OMAHA -- The Nebraska Supreme Court issued a decision Friday that clarifies the custody rights of same-sex couples in Nebraska.
The court ruled that a lesbian woman could pursue custody and visitation after her relationship ended with the child's biological mother.
The ruling will send the dispute between Teri Latham and Susan Schwerdtfeger of Omaha back to a lower court for hearings about whether Latham should be granted visitation rights.
The two lived together as a couple for more than 15 years before having a son together in 2001. The two women chose a sperm donor and shared the cost of the fertility treatments for Schwerdtfeger. Both sides agreed Latham acted as the boy's mother for the first several years of his life before the relationship ended in 2006.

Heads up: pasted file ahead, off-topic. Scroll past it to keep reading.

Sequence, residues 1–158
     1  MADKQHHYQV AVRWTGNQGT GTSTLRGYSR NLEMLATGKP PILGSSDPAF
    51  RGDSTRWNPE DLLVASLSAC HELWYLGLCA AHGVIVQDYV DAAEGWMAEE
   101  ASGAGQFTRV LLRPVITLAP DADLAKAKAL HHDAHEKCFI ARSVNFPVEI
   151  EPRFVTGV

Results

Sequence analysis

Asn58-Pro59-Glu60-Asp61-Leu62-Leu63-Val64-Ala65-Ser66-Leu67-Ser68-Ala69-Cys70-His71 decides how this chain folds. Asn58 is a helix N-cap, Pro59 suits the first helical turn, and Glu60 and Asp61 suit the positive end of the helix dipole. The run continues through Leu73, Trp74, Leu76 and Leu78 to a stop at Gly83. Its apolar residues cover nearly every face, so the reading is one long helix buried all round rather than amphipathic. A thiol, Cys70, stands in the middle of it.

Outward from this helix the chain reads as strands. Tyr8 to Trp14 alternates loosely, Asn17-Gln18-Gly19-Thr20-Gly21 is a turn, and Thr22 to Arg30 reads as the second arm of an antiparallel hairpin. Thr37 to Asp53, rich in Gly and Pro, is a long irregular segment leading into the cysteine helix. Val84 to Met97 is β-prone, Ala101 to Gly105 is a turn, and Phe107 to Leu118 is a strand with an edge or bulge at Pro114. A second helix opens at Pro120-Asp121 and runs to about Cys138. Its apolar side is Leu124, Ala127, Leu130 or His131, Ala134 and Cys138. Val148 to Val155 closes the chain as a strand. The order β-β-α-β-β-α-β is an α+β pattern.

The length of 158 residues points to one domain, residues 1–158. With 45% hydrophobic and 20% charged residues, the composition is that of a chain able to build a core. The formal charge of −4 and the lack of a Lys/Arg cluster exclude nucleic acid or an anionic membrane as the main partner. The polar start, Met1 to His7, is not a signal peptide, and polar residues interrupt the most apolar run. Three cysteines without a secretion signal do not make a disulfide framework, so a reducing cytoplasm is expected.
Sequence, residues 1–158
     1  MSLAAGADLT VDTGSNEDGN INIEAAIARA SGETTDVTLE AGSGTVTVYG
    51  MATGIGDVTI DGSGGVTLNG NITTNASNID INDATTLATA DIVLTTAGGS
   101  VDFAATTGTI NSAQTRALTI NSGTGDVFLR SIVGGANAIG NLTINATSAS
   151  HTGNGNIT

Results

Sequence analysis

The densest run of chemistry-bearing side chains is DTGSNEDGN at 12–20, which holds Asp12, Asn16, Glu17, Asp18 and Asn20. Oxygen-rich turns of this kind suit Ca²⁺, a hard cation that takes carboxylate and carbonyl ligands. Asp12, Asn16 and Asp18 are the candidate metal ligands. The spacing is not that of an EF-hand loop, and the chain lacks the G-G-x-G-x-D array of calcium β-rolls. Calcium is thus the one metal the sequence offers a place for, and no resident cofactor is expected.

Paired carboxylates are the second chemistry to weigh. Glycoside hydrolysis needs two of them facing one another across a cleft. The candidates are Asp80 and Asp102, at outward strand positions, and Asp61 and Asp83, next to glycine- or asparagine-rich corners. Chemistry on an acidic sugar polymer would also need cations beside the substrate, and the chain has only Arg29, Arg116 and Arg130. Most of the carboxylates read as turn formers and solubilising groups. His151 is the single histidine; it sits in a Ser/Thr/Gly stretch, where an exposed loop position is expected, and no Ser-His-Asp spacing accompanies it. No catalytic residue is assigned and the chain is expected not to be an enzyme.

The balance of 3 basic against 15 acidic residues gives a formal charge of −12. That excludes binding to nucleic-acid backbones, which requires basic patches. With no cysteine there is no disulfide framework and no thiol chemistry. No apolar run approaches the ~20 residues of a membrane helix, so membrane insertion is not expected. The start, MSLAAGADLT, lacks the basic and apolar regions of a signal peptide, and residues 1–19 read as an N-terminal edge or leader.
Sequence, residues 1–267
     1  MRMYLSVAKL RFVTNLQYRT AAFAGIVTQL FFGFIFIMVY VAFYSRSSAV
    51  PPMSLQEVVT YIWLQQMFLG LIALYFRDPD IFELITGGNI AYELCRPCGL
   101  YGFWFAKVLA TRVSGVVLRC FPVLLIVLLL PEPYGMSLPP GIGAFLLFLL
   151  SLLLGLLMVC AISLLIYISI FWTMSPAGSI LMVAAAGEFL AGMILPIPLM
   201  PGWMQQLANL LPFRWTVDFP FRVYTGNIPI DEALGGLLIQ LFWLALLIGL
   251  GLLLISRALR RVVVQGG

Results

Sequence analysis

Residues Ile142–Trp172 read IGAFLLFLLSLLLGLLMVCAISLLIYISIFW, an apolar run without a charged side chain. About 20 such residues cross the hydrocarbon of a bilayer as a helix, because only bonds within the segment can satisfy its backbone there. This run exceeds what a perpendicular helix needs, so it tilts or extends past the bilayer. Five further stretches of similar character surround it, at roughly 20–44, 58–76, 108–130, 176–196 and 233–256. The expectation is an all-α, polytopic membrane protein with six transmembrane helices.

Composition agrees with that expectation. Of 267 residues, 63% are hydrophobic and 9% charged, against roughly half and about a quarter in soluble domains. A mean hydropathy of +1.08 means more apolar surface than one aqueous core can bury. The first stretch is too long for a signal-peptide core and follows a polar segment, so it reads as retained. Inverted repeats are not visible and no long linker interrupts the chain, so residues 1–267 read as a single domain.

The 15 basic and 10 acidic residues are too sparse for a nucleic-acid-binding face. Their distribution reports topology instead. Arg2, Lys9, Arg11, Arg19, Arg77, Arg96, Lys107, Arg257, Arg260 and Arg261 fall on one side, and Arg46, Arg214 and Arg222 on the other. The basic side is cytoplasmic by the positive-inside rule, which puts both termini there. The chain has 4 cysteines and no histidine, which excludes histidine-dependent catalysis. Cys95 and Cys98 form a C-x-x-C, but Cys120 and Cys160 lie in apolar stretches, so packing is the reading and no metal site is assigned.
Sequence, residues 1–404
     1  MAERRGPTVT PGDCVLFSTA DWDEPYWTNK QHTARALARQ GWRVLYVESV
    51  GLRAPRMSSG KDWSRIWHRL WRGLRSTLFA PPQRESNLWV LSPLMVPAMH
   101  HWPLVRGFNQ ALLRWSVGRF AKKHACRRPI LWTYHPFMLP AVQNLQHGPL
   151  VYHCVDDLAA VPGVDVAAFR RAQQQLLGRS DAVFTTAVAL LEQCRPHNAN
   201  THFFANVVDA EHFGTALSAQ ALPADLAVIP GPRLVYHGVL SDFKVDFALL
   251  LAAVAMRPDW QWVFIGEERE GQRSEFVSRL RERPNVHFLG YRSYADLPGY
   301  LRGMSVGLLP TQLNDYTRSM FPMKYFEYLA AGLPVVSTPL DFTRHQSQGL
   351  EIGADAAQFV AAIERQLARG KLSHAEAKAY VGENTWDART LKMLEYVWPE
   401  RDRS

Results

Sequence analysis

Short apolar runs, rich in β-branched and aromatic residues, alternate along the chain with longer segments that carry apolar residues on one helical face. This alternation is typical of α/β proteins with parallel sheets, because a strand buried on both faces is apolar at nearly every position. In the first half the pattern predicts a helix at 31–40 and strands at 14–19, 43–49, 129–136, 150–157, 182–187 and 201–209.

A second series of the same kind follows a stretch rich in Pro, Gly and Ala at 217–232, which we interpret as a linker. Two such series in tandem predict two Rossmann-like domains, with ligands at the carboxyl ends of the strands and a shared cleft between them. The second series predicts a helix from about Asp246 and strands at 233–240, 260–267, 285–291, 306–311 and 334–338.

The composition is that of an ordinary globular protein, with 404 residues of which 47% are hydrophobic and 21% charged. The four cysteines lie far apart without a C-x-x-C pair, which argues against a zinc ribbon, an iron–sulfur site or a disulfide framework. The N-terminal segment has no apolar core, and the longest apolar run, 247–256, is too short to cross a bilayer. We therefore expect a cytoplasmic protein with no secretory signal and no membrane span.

"The relationship between Latham and Schwerdtfeger, however, is not the deciding factor," the court said in its ruling. "The record is clear that Schwerdtfeger consented to Latham's performance of parental duties. Schwerdtfeger encouraged Latham to assume the status of a parent."
Latham's attorney, Tyler Block, said the ruling would be important for same-sex couples as well as for other non-married couples in which someone who is not a biological parent acts as a parent.
"They got it exactly right," Block said. "They applied Nebraska law and helped give clarification on how it applies in these particular situations."
Schwerdtfeger's attorney, Angela Tiritilli, said her client was disappointed with the ruling because it likely would mean several more years of court proceedings. But Tiritilli said the ruling should help clarify parental rights in the state.
"What we're seeing here is a good trend: The court is not simply dismissing same-sex parental rights," Tiritilli said.